Death on the Street

“When did it happen?”

“Last week. Monday.

“She’d felt off on the Saturday, but thought nothing of it. So she soldiered on.

“Truth is, she should have realised from the time before.”

“Where was she?”

“By the canal. Just off Slipper Street I think. Jim came over to tell me, but he wasn’t very clear himself.

“I told her last month to be careful, but she would never listen.

“And now there’s the six of them kids to see to.

“Six! I never realised she had six.”

“Well, there were the two from his first marriage, of course. She just up and left him with them. Never saw her again.”

“No. Really?”

“That’s right, went off to Greece in ’67 and found herself a waiter. Summer of love or something.

“So I don’t know how they’ll manage now.

“There’ll be arrangements to make as well, of course. We’re going to help with the food. Just sandwiches. Quiche, maybe. She liked Chianti, so we’ll most likely toast her with that. Them little round bottles, in raffia. She had it on holiday in Sorrento and always had some in the house.

“Her Eric will come over from Bratislava. Don’t know if he’ll bring that little piece with him though. She’s flighty that one is. Eric should have known better. In the family way within week, I heard.”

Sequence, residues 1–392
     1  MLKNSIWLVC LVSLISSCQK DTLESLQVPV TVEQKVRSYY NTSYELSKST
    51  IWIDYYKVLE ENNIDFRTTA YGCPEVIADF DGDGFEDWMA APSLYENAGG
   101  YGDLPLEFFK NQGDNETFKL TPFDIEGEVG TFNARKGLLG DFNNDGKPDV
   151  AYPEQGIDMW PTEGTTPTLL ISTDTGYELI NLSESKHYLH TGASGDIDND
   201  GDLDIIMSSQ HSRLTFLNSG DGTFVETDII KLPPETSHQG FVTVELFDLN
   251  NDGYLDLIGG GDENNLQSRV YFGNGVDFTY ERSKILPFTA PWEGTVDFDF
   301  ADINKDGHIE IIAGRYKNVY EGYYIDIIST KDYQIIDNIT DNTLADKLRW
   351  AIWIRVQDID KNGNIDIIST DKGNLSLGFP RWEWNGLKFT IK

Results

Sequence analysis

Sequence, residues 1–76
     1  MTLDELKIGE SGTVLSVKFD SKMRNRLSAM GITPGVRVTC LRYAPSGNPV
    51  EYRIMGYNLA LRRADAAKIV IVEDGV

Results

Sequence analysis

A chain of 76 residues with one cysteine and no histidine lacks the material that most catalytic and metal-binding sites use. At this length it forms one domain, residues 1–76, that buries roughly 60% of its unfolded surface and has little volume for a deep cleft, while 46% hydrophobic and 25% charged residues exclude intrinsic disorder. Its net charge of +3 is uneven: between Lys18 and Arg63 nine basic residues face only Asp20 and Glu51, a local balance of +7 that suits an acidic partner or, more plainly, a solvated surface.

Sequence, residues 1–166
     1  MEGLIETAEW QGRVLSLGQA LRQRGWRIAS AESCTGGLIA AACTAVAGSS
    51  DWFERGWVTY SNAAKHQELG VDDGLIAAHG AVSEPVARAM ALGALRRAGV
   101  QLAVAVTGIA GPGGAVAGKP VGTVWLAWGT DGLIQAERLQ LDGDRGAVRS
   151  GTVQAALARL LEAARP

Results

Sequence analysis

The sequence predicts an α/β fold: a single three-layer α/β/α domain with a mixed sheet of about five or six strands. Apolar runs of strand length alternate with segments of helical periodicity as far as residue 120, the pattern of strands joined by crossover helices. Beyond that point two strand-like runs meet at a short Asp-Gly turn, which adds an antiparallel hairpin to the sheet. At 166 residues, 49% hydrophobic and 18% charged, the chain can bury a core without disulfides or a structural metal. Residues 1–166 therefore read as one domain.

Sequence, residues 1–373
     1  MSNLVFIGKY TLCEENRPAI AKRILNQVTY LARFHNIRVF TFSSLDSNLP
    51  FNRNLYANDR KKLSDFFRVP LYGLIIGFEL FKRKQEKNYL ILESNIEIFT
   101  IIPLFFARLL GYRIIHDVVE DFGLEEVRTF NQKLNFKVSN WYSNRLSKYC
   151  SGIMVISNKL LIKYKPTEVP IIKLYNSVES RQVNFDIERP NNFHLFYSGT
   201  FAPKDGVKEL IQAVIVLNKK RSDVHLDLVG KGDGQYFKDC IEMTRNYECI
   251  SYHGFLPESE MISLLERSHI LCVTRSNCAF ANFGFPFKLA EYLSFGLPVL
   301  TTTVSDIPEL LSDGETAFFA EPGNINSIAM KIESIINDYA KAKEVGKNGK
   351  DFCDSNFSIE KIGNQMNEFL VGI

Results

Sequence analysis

“Are there any other family?”

“Dunno. I suppose we’ll find out on the day. Father Jensen will do the service, but I hope he speaks clearly. I can never understand half of what he says.

“Then the crematorium in Bagstock and back to their place. I never like that though.


“I prefer a pub. Something away from the home. I’m not very good in other people’s houses. You never know how clean they are.

“His eldest girl will help her Dad, of course. She’s 16 going on 26, for me. He’s going to have to keep an eye on her, I reckon.

“She’s already been seen down the backs with that greasy lad of the Marks’s. He’ll have his hands down her pants in a minute if she don’t watch out.”

“Will there be an autopsy?”

“Nah. I don’t think so. What with the fags and the diabetes and the blood pressure. It was pretty likely sometime. It’s just a bit earlier than some might have thought.

“A week on Tuesday, my Derek said he expected her to croak. One look from me told him that wasn’t right. Making fun of the departed. Soon shut him up.

“That’s a funny old doorbell you have.”

“It’ll be Jenny from the butchers. She has a leg of lamb for me. I’ll have to go.”

“Mind yourself on the step.”

“Aye. You too. And that cat.”